The recommended post surgical hygiene maintenance sequence is as follows: first two visits at one month intervals, then two months, and then every three months. A plaque index is recommended to numerically document plaque levels and as a basis for prescription of antiplaque agents. Recommended post surgical medications are as follows: Tetracycline 250 mg QID X 2 weeks, Motrin 400-600 mg QID X 2 days. It is also recommended that the patient be given the antibiotic Tetracycline and the Motrin and Tylenol for pain after surgery.
The foregoing bone growing method and the bone growing composition 58 have been used successfully on a large number of patients that needed bone regeneration next to their teeth. Using this bone growing method and the composition 58 resulting in only very minimal shrinkage of the flap height against the adjacent tooth. This can be traced to the good bony defect fill of the composition 58 and also the ability to pile up the composition 58. This method also promotes bone proliferation and cell growth of bone cells by retarding gingival connective tissue growth. This retardation takes place predominately during substantially the first three weeks after surgery.
The bone growing method and the use of the bone growing composition 58 have been previously described in connection with their use in the human mouth. However, with appropriate apparent modifications the method 58 can be used in connection with other locations in the human body and can also be used in non-human living creatures.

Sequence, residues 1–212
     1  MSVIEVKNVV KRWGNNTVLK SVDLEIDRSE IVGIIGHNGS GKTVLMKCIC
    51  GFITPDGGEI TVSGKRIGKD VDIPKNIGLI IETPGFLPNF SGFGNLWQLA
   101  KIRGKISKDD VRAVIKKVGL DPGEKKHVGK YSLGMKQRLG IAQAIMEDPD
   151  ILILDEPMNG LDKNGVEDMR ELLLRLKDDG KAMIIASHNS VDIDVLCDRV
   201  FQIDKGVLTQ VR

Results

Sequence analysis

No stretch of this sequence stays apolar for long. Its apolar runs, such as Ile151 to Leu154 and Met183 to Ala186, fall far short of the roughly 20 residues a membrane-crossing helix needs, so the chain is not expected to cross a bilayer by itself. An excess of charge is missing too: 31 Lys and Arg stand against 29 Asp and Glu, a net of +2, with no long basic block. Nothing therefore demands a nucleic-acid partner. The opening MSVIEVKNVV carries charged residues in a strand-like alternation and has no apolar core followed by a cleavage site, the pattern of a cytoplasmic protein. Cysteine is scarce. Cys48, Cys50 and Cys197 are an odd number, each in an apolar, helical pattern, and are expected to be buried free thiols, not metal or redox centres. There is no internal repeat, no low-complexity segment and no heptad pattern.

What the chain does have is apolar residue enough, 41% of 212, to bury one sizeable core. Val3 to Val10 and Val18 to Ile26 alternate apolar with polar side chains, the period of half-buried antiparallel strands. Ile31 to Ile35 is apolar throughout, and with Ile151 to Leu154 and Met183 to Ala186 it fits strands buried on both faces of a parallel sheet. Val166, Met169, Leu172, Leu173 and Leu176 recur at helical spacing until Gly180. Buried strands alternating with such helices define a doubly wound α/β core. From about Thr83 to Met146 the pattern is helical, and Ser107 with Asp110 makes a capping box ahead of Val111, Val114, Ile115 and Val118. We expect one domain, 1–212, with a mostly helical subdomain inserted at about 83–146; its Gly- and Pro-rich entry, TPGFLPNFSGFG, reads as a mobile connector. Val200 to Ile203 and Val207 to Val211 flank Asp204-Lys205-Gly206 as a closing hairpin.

Although the invention has been described with reference to certain preferred embodiment, it will be understood that variations and modifications may be made within the spirit and scope of the invention as defined in the appended claims.
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|U.S. Classification||433/228.1, 424/435, 433/226|
|International Classification||A61C8/00, A61C5/00, A61L27/12, A61L27/46, A61F2/00, A61L27/54, A61L27/36|
|Cooperative Classification||A61L2300/406, A61L27/36, A61C8/00, A61L2300/428, A61C8/0012, A61L2430/02, A61C8/0006, A61C5/00, A61F2310/00293, A61L27/12, A61L27/54, A61K6/033, A61L27/46|
|European Classification||A61L27/46, A61L27/36, A61C8/00, A61C8/00E, A61C5/00, A61K6/033, A61L27/12, A61L27/54|
|Sep 23, 1993||FPAY||Fee payment|
Year of fee payment: 4
|Feb 13, 1998||REMI||Maintenance fee reminder mailed|
|Jun 9, 1998||FP||Expired due to failure to pay maintenance fee|
Effective date: 19980401
|Feb 11, 2000||FPAY||Fee payment|
Year of fee payment: 8
|Feb 11, 2000||SULP||Surcharge for late payment|
|May 2, 2000||PRDP||Patent reinstated due to the acceptance of a late maintenance fee|
Effective date: 20000317
|Oct 16, 2001||REMI||Maintenance fee reminder mailed|
|Mar 27, 2002||LAPS||Lapse for failure to pay maintenance fees|
|May 21, 2002||FP||Expired due to failure to pay maintenance fee|
Effective date: 20020327